Because we could not come to him or even be brought to him without horror, he came to us, in the form of Jesus Christ. There was never a time when God had not yet intervened in the human condition, so it is misleading to conceptualize the sending of his son as the beginning of God’s response. But Jesus Christ, from before the foundations of the earth, is the ultimate expression and the primary vehicle of God’s intervention. He is “the anointed one”–the “Christ” (in Greek) or “Messiah” (in Hebrew)–the one chosen to serve as this vehicle. As in all of the great hero stories, the hero comes prepared with the necessary assets for the monumental task that is set before him. Often the hero is told of some weakness of the enemy and given a predestined weapon, tempered for the conflict. The hero of God and man came armed, not with any sword of destiny, but with an intimate and unbreakable relationship with his Father. He spoke unceasingly of his Father–from his first recorded utterance (“Wist ye not that I must be about my Father’s business?”) to his dying breath (“Father, into thy hands I commend my spirit.”). Why did he have power to perform miracles? Because his Father showed him how and gave him power. “Verily, verily, I say unto you, The Son can do nothing of himself, but what he seeth the Father do” (John 5:19). “All things are delivered unto me of my Father” (Matt 11:27). “The Father loveth the Son, and hath given all things into his hand” (John 3:35).
The apparent illogic of the notion of God suffering for man’s sin is captured nicely in “Life of Pi”:
Humanity sins but it’s God’s Son who pays the price? I tried to imagine my Father saying to me, “Piscine, a lion slipped into the llama pen today and killed two llamas. Yesterday another one killed a black buck. Last week two of them ate the camel. The week before it was painted storks and grey herons. And who’s to say for sure who snacked on our golden agouti? The situation has become intolerable. Something must be done. I have decided that the only way the lions can atone for their sins is if I feed you to them.”
“Yes, Father, that would be the right and logical thing to do. Give me a moment to wash up.”
“Hallelujah, my son.”
While the character who finds the story of Christ’s Atonement so illogical does eventually find it meaningful and valuable, he does not resolve the illogic. And that is fine for a character who appreciates Christianity, in common with every other religion, as a set of beautiful stories that contain truth. But for a person like me, who considers Christ himself to be the Truth and Christianity to not only contain truth but to be true, the apparent illogic grates on the mind. Continue reading
To many modern minds, including the minds of most people my age (thirties) in the Western world, it is practically inconceivable that there might be any legitimate rationale for inculcating a preference for heterosexual marriage over any other expression of sexuality, including homosexual marriage. This preference is the historical status quo, but it has been so dramatically rejected in the last 75 years (and especially the last 15) that, for many today, the whole business of disapproving sex for any reason other than nonconsent is wholly alien, bizarre, and even evil–a thing to be dismissed with a word: “Victorian,” “repressive,” “culturally insensitive,” etc. But can it be so easily dismissed? Where did the tradition of disapproving expressions of homosexuality come from?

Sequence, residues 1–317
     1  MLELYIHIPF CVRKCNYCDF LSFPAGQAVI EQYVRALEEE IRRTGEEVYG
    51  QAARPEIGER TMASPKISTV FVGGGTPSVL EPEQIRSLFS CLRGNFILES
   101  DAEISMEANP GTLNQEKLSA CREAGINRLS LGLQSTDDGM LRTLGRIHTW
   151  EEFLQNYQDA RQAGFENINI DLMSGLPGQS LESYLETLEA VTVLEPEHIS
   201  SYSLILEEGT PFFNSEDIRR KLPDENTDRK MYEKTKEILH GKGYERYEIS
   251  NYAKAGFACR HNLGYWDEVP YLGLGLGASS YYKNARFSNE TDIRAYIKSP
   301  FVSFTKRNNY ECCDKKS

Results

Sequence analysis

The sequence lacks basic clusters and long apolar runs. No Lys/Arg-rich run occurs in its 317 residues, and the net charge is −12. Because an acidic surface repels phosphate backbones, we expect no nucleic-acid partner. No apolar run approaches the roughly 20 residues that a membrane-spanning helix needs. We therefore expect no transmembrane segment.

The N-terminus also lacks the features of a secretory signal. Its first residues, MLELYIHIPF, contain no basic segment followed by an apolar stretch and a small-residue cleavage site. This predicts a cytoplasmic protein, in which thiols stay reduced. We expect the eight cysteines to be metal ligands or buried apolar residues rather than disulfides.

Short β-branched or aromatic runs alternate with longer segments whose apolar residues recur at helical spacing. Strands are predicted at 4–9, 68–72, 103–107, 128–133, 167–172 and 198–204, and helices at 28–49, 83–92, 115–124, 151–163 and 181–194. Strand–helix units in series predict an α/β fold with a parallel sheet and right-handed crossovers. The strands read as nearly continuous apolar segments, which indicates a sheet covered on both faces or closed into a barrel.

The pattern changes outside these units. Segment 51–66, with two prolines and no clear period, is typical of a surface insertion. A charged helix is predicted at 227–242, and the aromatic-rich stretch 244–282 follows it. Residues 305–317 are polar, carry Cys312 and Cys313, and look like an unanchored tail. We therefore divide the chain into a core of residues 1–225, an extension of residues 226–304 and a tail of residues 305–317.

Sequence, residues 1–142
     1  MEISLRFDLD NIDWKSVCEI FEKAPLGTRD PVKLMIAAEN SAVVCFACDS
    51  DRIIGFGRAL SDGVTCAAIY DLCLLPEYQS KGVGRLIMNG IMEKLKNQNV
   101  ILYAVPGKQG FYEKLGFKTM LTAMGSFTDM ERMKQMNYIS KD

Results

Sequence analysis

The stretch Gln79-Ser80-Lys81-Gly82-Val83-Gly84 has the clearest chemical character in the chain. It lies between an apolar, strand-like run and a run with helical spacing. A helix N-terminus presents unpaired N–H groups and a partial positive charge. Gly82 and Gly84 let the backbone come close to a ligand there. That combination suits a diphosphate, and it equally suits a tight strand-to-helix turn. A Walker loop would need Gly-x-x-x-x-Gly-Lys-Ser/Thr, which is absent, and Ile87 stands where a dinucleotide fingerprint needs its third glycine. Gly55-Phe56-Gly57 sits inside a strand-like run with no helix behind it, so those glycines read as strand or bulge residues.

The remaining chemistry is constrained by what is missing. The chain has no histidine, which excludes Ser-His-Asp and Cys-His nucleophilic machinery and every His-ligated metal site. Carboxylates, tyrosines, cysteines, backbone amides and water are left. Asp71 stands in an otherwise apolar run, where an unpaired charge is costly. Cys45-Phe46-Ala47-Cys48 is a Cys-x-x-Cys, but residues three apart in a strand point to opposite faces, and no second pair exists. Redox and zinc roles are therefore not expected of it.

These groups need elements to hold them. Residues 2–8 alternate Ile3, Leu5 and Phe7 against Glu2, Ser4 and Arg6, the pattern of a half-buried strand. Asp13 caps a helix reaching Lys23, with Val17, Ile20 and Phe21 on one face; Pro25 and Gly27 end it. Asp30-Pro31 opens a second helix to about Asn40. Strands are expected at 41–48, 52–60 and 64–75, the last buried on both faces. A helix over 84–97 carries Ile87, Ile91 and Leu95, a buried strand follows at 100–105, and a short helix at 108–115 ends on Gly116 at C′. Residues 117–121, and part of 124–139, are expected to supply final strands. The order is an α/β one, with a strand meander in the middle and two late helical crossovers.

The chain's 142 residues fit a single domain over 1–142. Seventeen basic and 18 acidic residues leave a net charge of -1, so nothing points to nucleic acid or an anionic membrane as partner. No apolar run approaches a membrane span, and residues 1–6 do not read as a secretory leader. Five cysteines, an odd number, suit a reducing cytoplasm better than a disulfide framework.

Is it, as many moderns imagine, entirely irrational, evil, and indefensible? Continue reading
Scripture as Subversion: A God To Wrestle With
The crucifixion of Jesus Christ is perhaps the greatest of all subversive stories. It profoundly subverts the authority of the Jewish rulers and of the Roman yoke. It brings into question the justice of criminal law. It subverts reliance on the righteousness of Peter or the other apostles who abandoned their Lord to the mob. It even subverts reliance on any perceived right to feel close to God if one is doing his will, for Christ felt himself abandoned. It casts down the idols of man’s authority, justice, righteousness, and peace (among others), and sets in their place the image of the tortured God-man whose broken heart is still set on his Father’s will.
God is a creator. He laid the foundations of the earth. His work is constructive, not deconstructive. But he is so relentless in purpose and so faithful in his vision of what he wills that he will fiercely cast down all idols, even by torture (e.g., that of his Son). He is the God who took away the gift of language from the builders in Babel, who prophesied that because his people rejected the true foundation, the foundations of the temple and the walls of his city would be torn down until not one stone was left sitting on another.
Lamentations 2:4 He hath bent his bow like an enemy: he stood with his right hand as an adversary, and slew all that were pleasant to the eye in the tabernacle of the daughter of Zion: he poured out his fury like fire.